Like many tragedies, "A View from the Bridge," which is based on a true story, begins with an aura of normalcy. The middle-aged Eddie (Geoff Fiorito) is a congenial-enough Archie Bunker type, a decent breadwinner respected by coworkers, and a devoted father figure to his too-affectionate, strawberry blond niece (April Culver). But it doesn't take long to recognize danger. Eddie is antsy, afraid of losing control, afraid of losing Catherine, who is about to embark on a career as a stenographer. Meanwhile, the frazzled Beatrice, brilliantly played by Marjorie Hazeltine, who has the Brooklyn Italian speech patterns and mannerisms down pat, reveals the frustrations of a trapped housewife, determined to please but experiencing little pleasure.
Enter the two Sicilians: Marco, the tough, hard-working older brother (Drew Reitz), bears his own tragedy. To support his wife and three children, one of whom has serious health problems, he leaves the land he loves because there are no jobs. By contrast, the younger brother, Rodolpho, a blond cut-up on the Brooklyn docks, with a penchant to burst into song and dance at the drop of a hat, is determined to become American as quickly as possible. Played by Anthony Stephens, he injects notes of comic relief into this dark drama with an over-animated rendition of "Paper Doll."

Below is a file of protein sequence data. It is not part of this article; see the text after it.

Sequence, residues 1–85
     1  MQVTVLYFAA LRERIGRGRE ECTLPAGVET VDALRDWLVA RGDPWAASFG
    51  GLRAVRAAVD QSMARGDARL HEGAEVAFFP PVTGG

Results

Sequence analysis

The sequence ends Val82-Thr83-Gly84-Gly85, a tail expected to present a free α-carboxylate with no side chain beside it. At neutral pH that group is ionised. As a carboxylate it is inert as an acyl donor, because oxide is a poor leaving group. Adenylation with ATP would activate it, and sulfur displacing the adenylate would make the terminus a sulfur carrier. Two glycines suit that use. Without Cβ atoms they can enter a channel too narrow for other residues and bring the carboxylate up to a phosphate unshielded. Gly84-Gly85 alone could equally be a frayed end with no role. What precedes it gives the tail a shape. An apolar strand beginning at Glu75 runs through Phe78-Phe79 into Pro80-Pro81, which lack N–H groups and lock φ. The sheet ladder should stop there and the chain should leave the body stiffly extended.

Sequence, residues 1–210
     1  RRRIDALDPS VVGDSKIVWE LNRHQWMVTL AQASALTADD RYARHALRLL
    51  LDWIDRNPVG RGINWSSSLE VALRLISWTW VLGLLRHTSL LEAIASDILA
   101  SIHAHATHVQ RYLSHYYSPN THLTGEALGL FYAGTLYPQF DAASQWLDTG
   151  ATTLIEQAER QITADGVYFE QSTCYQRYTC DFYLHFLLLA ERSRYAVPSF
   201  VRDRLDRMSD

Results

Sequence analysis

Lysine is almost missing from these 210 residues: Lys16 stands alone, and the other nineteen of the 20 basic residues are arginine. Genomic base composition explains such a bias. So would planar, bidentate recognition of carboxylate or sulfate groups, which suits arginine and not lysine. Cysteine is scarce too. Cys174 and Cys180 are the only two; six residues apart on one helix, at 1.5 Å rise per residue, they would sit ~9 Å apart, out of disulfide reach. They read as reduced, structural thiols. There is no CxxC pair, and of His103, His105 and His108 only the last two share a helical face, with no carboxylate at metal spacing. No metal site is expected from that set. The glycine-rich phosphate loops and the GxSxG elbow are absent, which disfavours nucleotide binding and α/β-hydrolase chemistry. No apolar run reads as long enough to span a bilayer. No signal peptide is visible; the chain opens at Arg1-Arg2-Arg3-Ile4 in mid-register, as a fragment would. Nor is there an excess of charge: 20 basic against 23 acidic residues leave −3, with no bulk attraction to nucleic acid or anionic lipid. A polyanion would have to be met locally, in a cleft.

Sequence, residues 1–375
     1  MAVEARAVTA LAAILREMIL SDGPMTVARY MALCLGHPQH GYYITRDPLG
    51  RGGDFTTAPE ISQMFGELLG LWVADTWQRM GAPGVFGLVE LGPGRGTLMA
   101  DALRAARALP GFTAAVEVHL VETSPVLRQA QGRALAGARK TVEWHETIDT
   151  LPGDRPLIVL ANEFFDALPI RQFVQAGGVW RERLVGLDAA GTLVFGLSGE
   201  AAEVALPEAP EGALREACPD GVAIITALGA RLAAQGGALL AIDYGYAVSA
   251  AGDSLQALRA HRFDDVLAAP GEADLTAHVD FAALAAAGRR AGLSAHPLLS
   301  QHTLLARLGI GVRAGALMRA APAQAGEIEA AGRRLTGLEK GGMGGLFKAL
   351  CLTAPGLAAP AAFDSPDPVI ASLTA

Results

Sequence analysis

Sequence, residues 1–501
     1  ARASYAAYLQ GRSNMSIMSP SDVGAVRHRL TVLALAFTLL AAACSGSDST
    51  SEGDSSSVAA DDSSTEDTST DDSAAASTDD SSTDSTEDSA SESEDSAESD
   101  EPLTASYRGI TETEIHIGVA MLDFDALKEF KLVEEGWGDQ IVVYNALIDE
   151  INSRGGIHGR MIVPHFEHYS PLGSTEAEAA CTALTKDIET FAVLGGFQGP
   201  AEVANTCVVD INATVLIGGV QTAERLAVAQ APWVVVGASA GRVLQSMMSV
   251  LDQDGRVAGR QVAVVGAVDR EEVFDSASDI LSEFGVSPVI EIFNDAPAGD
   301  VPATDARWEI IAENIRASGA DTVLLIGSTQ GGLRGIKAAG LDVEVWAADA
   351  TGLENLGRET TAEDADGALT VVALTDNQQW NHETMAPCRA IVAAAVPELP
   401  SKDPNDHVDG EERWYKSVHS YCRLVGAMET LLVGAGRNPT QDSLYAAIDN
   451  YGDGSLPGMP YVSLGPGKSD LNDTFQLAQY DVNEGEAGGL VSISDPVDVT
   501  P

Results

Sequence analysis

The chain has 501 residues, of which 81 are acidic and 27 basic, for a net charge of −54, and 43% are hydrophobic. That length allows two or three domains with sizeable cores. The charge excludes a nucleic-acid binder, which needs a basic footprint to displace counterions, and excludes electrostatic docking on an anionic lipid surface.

This play is a clash of cultures between native-born and immigrant as well as between first and second-generation Americans. Above all, it is Eddie's story, and Fiorito captures the tragic hero's inevitable descent into a hell of his own making.
Given the current political climate, Pear Avenue director Ray Renati sees a contemporary message in the drama that goes beyond forbidden love and illegal immigration.
"Eddie's simultaneously a bully, and a sad victim of his past — old-fashioned Catholic guilt and shame," he said. "To defy Eddie is to incur his rage. He will make sure that you pay. Donald Trump does the same thing."
If Miller's "Death of a Salesman" epitomizes the American dream gone sour, "A View from the Bridge" reveals the nightmare of decent working-class folk, trapped in trauma. Director Renati, lighting and sound designers Meghan Souther and Will Price, respectively, invite us into that world, and perhaps help us to see similarities with our own. This play is a winner.
What: "A View from the Bridge"
Where: Pear Theatre, 1110 La Avenida St., Mountain View
When: Through April 2, Thursdays, Fridays and Saturdays at 8 p.m.; Sundays at 2 p.m.
Cost: $35, senior and student discounts
Info: Go to thepear.org or phone 650-254-1148.
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